Turkish Petroleum will continue seismic exploration in licensed zones in the Mediterranean, says Turkey's Energy Minister.
Turkey's second drillship will be in situ in the country's territorial waters in the Mediterranean around Feb. 20 in anticipation of the go-head to begin exploration, Fatih Donmez, Turkey's energy and natural resources minister said Friday.
Donmez confirmed during an interview on TRT Haber television channel that Turkish Petroleum would continue seismic exploration in its licensed zones in the Mediterranean.
Turkey will continue exploration by making four drillings per year, two of which will be made by the existing Fatih drillship and two with the new vessel that will arrive in the Mediterranean around Feb. 20.
He confirmed that Turkish Petroleum has already drilled 70 wells last year while the private sector drilled around 40 wells, adding that this would increase in 2019 to 130 and 50, respectively.
"As you know we started our deep drilling in October 2018. I think we will get the first result at the beginning of next month or at the end of this month. Of course it's too early to say anything," he explained.
However, he shared that following seismic surveys conducted by the two seismic vessels in the Black Sea and the Mediterranean, Turkey made a small gas discovery in the Thrace region, which he said he would detail further on Monday, Feb. 11.
Barbaros Hayrettin Pasa, Turkey's first seismic vessel, was bought from Norway in 2013, and has been conducting surveys in the Mediterranean since April 2017.
The MTA Oruc Reis vessel, which was built by Turkish engineers in a local shipyard in Istanbul, has been in operation since late June 2017.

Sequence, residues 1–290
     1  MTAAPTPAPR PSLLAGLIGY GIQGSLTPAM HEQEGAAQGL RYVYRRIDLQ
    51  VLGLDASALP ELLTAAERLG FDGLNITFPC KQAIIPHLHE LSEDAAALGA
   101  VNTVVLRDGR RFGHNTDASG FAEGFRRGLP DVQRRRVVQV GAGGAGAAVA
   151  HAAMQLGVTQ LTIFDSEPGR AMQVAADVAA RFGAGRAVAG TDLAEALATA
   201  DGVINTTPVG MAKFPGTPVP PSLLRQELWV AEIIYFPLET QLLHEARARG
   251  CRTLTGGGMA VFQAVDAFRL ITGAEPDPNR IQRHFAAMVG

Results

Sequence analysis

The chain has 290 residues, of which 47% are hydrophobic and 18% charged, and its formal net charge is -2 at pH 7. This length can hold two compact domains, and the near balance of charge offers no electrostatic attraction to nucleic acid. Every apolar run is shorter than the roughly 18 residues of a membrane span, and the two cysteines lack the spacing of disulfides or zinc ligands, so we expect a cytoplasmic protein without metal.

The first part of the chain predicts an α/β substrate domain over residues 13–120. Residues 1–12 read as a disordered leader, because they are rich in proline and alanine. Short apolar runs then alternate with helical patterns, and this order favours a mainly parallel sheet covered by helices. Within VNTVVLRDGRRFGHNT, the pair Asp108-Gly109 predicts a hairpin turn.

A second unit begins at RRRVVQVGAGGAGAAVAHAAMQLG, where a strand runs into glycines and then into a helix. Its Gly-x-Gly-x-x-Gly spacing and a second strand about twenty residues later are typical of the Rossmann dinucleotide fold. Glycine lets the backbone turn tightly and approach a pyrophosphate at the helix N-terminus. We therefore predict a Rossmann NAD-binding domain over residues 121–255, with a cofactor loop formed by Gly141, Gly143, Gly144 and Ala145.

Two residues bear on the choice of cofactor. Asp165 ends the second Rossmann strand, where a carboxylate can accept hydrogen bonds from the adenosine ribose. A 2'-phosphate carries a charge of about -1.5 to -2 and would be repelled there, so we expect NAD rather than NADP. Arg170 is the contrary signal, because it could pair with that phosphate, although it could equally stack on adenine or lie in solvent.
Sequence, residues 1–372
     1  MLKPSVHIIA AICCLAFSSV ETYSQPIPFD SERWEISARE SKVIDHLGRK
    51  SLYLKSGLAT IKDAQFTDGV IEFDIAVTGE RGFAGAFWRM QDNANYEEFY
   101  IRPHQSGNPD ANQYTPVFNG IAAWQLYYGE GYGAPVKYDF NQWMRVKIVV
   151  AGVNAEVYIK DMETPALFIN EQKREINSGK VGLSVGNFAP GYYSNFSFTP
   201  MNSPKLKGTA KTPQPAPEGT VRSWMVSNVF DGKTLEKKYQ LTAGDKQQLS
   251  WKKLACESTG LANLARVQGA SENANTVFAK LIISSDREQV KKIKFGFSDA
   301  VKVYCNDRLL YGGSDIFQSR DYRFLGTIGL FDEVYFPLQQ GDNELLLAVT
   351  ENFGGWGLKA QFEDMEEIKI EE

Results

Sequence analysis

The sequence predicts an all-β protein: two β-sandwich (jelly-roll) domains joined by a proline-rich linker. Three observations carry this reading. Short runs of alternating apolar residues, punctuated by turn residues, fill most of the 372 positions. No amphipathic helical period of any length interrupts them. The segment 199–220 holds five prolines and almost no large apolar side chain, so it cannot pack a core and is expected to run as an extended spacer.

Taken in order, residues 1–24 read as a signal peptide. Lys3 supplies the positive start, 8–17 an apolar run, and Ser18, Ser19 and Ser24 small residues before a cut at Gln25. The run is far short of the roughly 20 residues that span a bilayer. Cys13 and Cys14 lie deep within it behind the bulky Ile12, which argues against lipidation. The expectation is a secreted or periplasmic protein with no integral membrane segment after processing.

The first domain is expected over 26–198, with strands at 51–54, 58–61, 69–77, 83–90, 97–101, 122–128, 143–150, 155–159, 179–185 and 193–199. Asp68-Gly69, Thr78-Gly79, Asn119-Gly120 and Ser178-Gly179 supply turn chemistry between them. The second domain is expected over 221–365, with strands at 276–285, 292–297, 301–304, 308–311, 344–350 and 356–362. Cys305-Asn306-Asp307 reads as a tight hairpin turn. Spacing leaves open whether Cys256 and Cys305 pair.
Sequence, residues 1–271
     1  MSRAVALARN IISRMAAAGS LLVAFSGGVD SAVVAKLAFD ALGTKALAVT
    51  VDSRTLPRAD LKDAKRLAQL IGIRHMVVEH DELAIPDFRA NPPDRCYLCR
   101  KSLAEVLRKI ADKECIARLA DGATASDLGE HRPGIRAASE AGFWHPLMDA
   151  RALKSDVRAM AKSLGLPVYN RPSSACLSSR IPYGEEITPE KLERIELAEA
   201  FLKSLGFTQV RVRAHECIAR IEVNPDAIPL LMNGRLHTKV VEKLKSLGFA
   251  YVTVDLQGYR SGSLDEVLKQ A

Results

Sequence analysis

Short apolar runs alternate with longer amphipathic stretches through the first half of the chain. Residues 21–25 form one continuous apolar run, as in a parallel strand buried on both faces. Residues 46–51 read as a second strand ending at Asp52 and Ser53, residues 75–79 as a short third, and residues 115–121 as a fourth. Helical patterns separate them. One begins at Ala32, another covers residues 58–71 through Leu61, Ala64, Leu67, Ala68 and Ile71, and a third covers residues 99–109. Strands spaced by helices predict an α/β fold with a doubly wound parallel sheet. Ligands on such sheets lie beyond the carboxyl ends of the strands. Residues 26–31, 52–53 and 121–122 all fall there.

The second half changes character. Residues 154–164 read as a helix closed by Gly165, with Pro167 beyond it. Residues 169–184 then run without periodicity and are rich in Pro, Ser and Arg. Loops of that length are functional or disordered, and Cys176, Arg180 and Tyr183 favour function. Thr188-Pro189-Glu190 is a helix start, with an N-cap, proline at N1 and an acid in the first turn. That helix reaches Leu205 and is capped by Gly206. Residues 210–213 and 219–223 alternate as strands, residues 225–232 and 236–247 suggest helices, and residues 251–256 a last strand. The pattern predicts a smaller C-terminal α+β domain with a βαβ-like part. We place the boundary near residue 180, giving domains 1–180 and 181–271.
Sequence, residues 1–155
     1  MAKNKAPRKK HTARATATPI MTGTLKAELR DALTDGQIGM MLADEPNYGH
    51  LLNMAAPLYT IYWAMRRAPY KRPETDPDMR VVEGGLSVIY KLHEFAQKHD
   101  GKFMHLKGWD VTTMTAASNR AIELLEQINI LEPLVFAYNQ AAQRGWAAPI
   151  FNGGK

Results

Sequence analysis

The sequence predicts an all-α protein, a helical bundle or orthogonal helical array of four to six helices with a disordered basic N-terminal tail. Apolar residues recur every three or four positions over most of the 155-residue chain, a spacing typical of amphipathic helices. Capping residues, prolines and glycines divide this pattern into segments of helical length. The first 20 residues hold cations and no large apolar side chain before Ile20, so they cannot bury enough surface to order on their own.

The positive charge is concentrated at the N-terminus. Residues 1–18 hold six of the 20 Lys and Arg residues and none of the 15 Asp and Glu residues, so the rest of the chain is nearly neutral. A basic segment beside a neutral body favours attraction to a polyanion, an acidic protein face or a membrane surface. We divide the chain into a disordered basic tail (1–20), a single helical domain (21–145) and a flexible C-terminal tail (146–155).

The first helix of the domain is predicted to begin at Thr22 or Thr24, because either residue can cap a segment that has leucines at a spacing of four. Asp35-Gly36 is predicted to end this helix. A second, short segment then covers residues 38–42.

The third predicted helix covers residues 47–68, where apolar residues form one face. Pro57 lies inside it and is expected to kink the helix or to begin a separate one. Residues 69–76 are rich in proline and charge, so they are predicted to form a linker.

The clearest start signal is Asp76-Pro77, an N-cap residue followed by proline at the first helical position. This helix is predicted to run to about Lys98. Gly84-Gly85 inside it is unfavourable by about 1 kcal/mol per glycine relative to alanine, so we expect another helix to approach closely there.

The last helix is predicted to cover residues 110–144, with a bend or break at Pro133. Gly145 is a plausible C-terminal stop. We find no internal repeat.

Turkey started its first deep-sea drilling offshore Antalya on the Mediterranean coast on Oct. 30.
Drilling operations that started on Nov. 26 in the shallow waters off Mersin [in southern Turkey] are also ongoing.
He also asserted that Turkey would not give consent to the fait accompli in the area in which the Greek Cypriot administration has undertaken unilateral exploration around the island.
"We say that it is unlawful for the Greek Cypriot to tender oil or natural gas exploration in the areas that it claims to be its own," he said.
Turkey has consistently contested the Greek Cypriot administration’s unilateral drilling in the Eastern Mediterranean, saying Turkish Cypriots also have rights to the resources in the area.
Cyprus has been divided since 1974, when a Greek Cypriot coup was followed by violence against the island's Turks and Ankara's intervention as a guarantor power.
It has seen an on-and-off peace process in recent years, including the collapse of a 2017 initiative in Switzerland under the auspices of guarantor countries Turkey, Greece and the UK.